# Help Find Slope :)

• Nov 14th 2007, 12:53 PM
Noelle
Help Find Slope :)
hey i know this is not the right page but whatever... i'm really horrible at math and i have a big test tomorrow :( i'll be posting up a lot of questions. i need to learn all of this in one night >_< is it possible to explain how to do each question with the answer? i have the list of multiple choice answers and the correct one as well, but i don't really remember how to do it. ty so much <3

Find the slope of the line that goes through each pair of points.

1) (1, -8) and (6, 5)
• Nov 14th 2007, 03:04 PM
Noelle
:(
• Nov 14th 2007, 03:42 PM
angel.white
Quote:

Originally Posted by Noelle
hey i know this is not the right page but whatever... i'm really horrible at math and i have a big test tomorrow :( i'll be posting up a lot of questions. i need to learn all of this in one night >_< is it possible to explain how to do each question with the answer? i have the list of multiple choice answers and the correct one as well, but i don't really remember how to do it. ty so much <3

Find the slope of the line that goes through each pair of points.

1) (1, -8) and (6, 5)

First of all, study ahead of time so that you 1. don't forget what you learned, and 2. aren't suddenly in a crunch such as this.
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For any given pair like that, the first number is the x value (how far to the right or left) and the second number is the y value (how far up and down) You can remember this, because x comes before y, so the first number is the x value.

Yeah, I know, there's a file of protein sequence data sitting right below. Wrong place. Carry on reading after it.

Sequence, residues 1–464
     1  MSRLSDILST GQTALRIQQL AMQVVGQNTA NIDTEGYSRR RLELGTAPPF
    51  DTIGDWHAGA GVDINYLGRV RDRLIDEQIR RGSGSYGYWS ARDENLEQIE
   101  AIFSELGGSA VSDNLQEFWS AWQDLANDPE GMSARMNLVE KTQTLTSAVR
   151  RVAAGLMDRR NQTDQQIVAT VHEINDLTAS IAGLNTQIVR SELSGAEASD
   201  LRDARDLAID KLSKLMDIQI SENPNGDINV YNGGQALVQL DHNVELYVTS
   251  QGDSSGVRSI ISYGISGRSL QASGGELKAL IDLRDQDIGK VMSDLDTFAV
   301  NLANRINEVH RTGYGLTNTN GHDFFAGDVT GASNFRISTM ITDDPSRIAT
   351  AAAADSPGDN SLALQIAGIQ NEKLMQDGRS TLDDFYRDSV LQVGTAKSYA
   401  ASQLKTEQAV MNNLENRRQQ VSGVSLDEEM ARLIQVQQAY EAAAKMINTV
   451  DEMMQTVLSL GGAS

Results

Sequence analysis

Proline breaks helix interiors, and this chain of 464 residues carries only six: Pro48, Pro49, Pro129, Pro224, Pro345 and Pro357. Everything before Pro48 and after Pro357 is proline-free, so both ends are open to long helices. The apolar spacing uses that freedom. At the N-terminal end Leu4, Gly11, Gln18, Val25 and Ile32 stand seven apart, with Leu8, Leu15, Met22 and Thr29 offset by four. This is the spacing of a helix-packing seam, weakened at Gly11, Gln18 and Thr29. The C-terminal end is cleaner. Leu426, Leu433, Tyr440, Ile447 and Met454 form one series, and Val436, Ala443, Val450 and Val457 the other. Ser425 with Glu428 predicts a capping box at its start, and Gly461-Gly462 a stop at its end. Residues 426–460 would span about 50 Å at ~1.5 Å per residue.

Now, when finding the slope between these points, remember the phrase RISE OVER RUN. This means that you see how far up your new point is, then how far over, you see how far it rises (up or down) and then put that over how far it runs (left and right).

So for your equation, (1,-8) and (6,5) You can see that your rise is from -8 to 5, so your y value has risen 13 units. And your x value has gone from 1 to 6, so your x value run 5 units. So put 13 over 5, and that is your slope.

slope= $\displaystyle \frac{13}{5}$.

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The general formula for finding this is that you have 2 points $\displaystyle (x_1, y_1) \mbox{ and } (x_2,y_2)$ Don't get scared by the subscript numbers, it just means that the x is part of the first pair or the second pair (otherwise you wouldn't be able to tell them apart).

Slope is usually represented by the letter "m", and so people usually calculate m by $\displaystyle m=\frac{y_2-y_1}{x_2-x_1}$ Though I personally use $\displaystyle m=\frac{y_1-y_2}{x_1-x_2}$, it doesn't matter which, as long as you remember to start from the same pair.

In the end, the line has the same slope if you go from the second point to the first, or from the first to the second. So choose your point, circle it so you know you are starting from that point, then say RISE OVER RUN. And figure out the difference between the y values, and the difference between the x values by taking the starting y, and subtracting the finished y, then puting that over the starting x minus the finished x.
• Nov 14th 2007, 03:50 PM
angel.white
Here are some examples:

(1,5), (2,4) = $\displaystyle \frac{1-2}{5-4} = \frac{-1}{4}$

(3, 2), (-6,-7) = $\displaystyle \frac{3-(-6)}{2-(-7)}=\frac{3+6}{2+7}=\frac{9}{9}=1$

(-2,2), (4,-4) = $\displaystyle \frac{-2-4}{2-(-4)}=\frac{-6}{6}=-2$

(29,84), (11,-54) = $\displaystyle \frac{29-11}{84-(-54)}=\frac{18}{138}=\frac{3}{23}$

(a,b), (c,d) = $\displaystyle \frac{a-c}{b-d}$

Do you see the pattern?